Among backs with at least 50 rushing attempts in 2017, the fifth-round pick out of Texas El-Paso ranked second to only Offensive Rookie of the Year Alvin Kamara with a 5.5 yards-per-attempt average. And only one of his 81 rushes went for 25-plus yards, which is actually a good thing because it means his average wasn't inflated by a breakaway run or two.
Jones is battling for reps while facing a two-game substance-abuse suspension to start the year, but it might not be long before he's the top option in the Green Bay backfield.
Houston Texans: QB Deshaun Watson
OK, this one's a little too easy. But Deshaun Watson qualifies as a second-year player without a Pro Bowl on his resume. That's only the case, of course, because the No. 12 overall pick started just six games before a torn ACL ended his rookie campaign in November.
But those six starts were glorious.
When he went down, the 22-year-old led the league with 21 combined passing and rushing touchdowns, despite the fact that 25 other quarterbacks had attempted more passes than him. At that point, the Texans offense had scored 33-plus points in five consecutive games.
So long as that knee injury doesn't send him down a Robert Griffin III-like path, Watson should become a superstar before this decade is through.
Indianapolis Colts: S Malik Hooker
With all due respect to heavily hyped rookie interior offensive lineman Quenton Nelson, guards rarely if ever become "big things." Figuratively, anyway. So we're giving this to safety Malik Hooker, who might have been a Pro Bowler last year had his rookie season not been cut short by a torn ACL and MCL in October.
The No. 15 overall pick out of Ohio State intercepted a pass in each of his first three NFL starts and drew strong grades at Pro Football Focus before getting hurt in a Week 7 loss to the Jacksonville Jaguars.
And while he might need some time as he continues to recover from that injury, the future is wildly bright for the playmaking 22-year-old.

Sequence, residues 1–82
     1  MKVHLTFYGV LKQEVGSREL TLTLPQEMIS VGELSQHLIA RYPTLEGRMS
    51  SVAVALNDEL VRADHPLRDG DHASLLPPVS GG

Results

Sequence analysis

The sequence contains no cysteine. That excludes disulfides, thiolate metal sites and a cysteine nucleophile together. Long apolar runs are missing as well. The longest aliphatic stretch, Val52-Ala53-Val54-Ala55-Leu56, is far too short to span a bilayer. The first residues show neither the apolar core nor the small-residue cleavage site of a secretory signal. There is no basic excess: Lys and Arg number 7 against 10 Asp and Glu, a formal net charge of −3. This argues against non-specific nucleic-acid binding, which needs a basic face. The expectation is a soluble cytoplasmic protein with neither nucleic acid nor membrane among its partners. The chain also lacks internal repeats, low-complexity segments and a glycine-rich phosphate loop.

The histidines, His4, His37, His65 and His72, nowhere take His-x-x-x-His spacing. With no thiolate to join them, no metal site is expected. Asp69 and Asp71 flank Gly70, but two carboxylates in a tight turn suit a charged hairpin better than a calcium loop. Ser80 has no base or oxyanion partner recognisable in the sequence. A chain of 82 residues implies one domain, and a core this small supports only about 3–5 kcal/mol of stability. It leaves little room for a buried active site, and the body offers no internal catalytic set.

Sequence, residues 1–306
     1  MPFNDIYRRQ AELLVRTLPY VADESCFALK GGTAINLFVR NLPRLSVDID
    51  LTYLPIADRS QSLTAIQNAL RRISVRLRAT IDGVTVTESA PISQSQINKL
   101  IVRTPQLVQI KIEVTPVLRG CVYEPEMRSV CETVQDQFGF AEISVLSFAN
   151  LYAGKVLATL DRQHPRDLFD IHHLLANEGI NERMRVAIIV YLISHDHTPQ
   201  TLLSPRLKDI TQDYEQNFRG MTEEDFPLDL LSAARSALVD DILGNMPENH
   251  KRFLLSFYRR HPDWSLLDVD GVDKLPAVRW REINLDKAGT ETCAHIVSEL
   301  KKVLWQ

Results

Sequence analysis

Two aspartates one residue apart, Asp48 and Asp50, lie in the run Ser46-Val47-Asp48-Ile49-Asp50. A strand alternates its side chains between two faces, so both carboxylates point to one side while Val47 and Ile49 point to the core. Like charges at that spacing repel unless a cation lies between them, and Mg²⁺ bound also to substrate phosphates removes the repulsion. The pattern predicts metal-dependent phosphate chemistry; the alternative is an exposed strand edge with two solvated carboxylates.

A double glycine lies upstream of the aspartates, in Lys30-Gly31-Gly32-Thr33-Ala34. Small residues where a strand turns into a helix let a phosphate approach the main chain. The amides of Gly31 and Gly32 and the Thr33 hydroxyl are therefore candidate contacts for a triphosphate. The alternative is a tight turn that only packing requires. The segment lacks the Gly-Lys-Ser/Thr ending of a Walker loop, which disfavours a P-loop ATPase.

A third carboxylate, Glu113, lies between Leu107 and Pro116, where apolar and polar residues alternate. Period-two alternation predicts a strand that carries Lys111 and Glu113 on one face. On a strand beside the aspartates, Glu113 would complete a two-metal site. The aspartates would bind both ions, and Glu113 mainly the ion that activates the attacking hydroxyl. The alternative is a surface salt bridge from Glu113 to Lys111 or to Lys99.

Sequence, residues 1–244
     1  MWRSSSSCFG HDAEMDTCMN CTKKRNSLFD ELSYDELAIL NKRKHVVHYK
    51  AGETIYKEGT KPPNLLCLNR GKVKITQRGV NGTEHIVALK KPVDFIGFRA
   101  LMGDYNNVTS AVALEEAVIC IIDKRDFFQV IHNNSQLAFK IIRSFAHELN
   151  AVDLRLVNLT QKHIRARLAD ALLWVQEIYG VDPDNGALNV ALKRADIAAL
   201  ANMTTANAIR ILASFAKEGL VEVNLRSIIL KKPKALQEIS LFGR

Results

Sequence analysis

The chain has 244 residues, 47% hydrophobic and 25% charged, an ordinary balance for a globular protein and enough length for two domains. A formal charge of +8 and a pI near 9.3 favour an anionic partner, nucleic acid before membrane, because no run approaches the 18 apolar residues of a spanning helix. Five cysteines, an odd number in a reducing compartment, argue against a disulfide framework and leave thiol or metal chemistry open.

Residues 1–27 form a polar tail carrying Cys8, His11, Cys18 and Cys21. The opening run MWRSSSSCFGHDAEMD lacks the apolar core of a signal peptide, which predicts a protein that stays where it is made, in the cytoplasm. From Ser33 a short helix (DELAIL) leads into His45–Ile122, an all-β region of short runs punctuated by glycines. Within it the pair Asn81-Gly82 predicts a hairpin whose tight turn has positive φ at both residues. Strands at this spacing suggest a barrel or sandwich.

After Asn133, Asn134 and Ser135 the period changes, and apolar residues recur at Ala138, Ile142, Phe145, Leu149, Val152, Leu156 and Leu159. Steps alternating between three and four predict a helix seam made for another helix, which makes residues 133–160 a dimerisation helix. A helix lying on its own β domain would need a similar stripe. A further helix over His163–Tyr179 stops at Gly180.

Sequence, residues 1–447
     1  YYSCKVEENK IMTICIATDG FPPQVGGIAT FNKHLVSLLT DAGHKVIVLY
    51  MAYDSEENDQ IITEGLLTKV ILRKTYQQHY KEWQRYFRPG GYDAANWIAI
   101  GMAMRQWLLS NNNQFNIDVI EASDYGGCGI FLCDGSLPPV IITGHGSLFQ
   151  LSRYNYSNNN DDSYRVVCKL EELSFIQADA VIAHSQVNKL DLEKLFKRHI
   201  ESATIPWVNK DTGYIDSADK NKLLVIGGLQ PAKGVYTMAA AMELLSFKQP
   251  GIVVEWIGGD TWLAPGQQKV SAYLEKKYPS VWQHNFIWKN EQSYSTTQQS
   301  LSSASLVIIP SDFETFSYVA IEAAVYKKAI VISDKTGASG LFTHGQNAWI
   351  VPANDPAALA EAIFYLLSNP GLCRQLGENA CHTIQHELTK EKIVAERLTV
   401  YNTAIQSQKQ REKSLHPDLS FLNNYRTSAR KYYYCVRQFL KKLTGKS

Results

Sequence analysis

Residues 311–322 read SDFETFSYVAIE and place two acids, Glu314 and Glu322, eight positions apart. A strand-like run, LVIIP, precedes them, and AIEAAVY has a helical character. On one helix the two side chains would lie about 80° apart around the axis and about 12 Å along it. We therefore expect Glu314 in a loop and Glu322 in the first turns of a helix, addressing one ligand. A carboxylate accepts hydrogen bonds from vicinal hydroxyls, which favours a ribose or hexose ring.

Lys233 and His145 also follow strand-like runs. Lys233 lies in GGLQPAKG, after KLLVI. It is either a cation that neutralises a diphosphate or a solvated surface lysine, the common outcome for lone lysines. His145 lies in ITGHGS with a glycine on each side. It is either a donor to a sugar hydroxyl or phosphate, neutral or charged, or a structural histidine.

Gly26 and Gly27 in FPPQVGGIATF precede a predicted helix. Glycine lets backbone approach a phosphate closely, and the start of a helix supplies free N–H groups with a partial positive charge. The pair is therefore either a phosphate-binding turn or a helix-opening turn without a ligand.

Jacksonville Jaguars: WR Dede Westbrook
It's hard to get behind a lot of young, "emerging" Jacksonville Jaguars, mainly because so many of their youngsters have indeed emerged in recent seasons. With guys like Yannick Ngakoue, Telvin Smith and Jalen Ramsey already becoming stars on defense, there isn't much room for newbies.
On the other side of the ball, rookie second-round pick DJ Chark Jr. has plenty of work to do to prove he can be a WR1, sophomore second-round pick Cam Robinson was a train wreck in 2017, and Leonard Fournette's lack of production as a rookie is cause for concern.
The highly touted LSU product averaged a so-so 3.9 yards per carry last season, despite the fact that he inflated that rate with two runs of 75-plus yards. Take those away and his average (3.3) would have been the lowest qualified mark in the AFC.
So we're swinging the bat with sophomore wide receiver Dede Westbrook, who crushed it with 13 catches for 288 yards and two touchdowns last preseason before a core muscle injury derailed his rookie campaign. But the speedy fourth-round pick out of Oklahoma still flashed big-play ability in limited action down the stretch last year, and he should gain plenty of opportunities in a shallow receiving corps in 2018.
Kansas City Chiefs: QB Patrick Mahomes
The Kansas City Chiefs have made it clear how much they value young quarterback Patrick Mahomes. They traded two first-round picks to move up for the former Texas Tech gunslinger last year, and earlier this offseason they traded away the highest-rated passer of the 2017 season to pave the way for Mahomes to start.
And while he'll probably need more grooming and can be expected to experience growing pains, there's plenty of reason to believe the Chiefs are right about Mahomes. He's a big, strong, tough, mobile, smart dude with an incredibly high ceiling, and he exhibited that an the NFL level when he posted a 109.3 passer rating last preseason.
Don't be scared away by his early-camp mistakes. Mahomes will always be a risk-taker, but that won't likely prevent him from becoming Kansas City's next big thing.
Los Angeles Chargers: S Derwin James
Big, strong, tough, fast and smart. Many of the adjectives we just used to describe Mahomes apply perfectly to new Los Angeles Chargers safety Derwin James, who somehow slipped to the Bolts in the No. 17 spot in the draft despite the fact that he has "superstar safety" written all over him.
At 6'2" and 215 pounds with sub-4.5 speed, the versatile Florida State product has the ability to to become a defensive game-changer. There's still room for him to develop, but he's well-supported by a strong Los Angeles defense.